United States District Court, D. Maryland
K. BREDAR, CHIEF JUDGE
Schuster filed suit against Defendants Navient Solutions,
LLC, Sallie Mae Bank, SLM Corporation, Sallie Mae Bank Inc.,
Equifax Inc., Equifax Consumer Services, LLC, Equifax
Information Services, LLC, Experian Data Corp., Experian
Information Solutions, Inc., Experian Service Corp., and
Trans Union LLC alleging violations of the Fair Credit
Reporting Act ("FCRA"), 15 U.S.C. §§
1681, et seq., as well as defamation, negligence,
and invasion of privacy/ false light. Schuster sought
dismissal of his claims related to all parties except for
those related to Sallie Mae Bank ("SMB").
alleges that his daughter listed him as a co-signer on her
student loans without his permission. He claims he has been
damaged by SMB's reporting to credit agencies regarding
his status as a co-signer on these loans. Schuster seeks
actual, statutory, and punitive damages, as well as
reasonable attorney's fees and costs. Schuster also seeks
a declaratory judgment concerning his status as a co-signer
on these loans.
filed a motion to dismiss and a motion for sanctions, and the
matters are fully briefed. No hearing is required.
See Local Rule 105, 6 (D. Md. 2018). For the reasons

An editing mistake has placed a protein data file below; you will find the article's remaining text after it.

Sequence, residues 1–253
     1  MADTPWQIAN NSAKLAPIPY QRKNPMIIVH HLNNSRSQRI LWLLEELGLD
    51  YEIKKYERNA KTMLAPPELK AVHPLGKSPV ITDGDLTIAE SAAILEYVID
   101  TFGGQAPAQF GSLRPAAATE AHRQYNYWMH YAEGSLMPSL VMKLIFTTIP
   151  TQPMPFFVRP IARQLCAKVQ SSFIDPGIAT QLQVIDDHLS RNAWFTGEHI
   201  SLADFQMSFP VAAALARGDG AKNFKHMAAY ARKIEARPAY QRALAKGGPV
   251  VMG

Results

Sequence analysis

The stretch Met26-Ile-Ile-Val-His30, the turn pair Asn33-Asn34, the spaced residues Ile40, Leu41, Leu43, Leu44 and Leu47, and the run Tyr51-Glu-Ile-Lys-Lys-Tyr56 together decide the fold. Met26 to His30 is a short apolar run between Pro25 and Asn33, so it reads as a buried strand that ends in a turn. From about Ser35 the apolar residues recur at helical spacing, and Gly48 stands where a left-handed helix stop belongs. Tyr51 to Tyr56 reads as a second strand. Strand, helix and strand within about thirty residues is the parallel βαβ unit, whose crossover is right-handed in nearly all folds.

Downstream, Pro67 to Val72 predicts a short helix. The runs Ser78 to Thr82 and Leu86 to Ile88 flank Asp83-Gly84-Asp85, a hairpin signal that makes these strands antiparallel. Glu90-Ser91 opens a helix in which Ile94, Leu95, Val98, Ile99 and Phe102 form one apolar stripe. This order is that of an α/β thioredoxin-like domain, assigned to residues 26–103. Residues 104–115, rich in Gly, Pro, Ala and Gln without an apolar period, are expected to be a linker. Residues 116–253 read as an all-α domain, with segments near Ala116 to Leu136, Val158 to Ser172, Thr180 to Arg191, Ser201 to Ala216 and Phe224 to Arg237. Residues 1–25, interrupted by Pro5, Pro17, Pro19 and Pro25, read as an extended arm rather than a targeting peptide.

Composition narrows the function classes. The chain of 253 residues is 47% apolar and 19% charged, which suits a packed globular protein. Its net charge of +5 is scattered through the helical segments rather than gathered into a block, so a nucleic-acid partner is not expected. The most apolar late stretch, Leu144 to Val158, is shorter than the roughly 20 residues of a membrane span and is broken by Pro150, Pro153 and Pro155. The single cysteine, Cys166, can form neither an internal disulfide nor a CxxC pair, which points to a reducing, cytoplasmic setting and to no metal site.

set forth below, SMB's motion to dismiss will be granted,
and SMB's motion for sanctions will be denied.
the second case Schuster has brought in this Court against a
Sallie Mae company challenging his status as a co-signer on
seven of his daughter's student loans. See Schuster
v. SLM Corp., Civ. No. CCB-17-2108, 2017 WL 4777708 (D.
Md. Oct. 23, 2017) (Blake, J.). In both cases, Schuster
alleges that his daughter listed him as a co-signer on her
student loans without his permission. (Compl. ¶ 31, ECF
No. 1; First Compl. ¶ 26, Mot. Dismiss Ex. A, ECF No.
35-4.) And, in both cases, Schuster seeks to hold a Sallie
Mae entity liable for the harm he has experienced resulting
from these allegedly fraudulently-procured loans.
August 17, 2017, Schuster filed an amended complaint in his
first suit alleging that SLM Corporation ("SLM")
was liable for negligence in issuing these student loans.
(First Compl. ¶¶ 31-33, Mot. Dismiss Ex. A.) He
also requested a judgment declaring: (1) Schuster "is
not a cosigner or co-obligor regarding any of the
Loans;" and (2) "[a]ny reporting to a credit
reporting agency that Plaintiff is a co-signer on any Loan
and/or that Plaintiff is delinquent on any Loan be
removed." (Id. at 4-5.) Judge Blake granted the
motion to dismiss, holding that banks do not have a duty to
protect noncustomers (such as Schuster) from fraud absent an
intimate nexus between the two, which did not exist between
Schuster and SLM. Schuster, 2017 WL 4777708, at
*l-3. Judge Blake also denied Schuster's request for a
declaratory judgment because she found Schuster had no
"plausible substantive claims." Id. at *3
November 21, 2018, Schuster filed his complaint in the
current suit. After consenting to termination of the other
Defendants (ECF Nos. 24, 36, 49, 55, 56), SMB is the last
remaining defendant. In his complaint, Schuster states that
he "sent formal, written disputes" on or about May
31, 2018 to Navient Solutions, Inc., Sallie Mae, SMB, SLM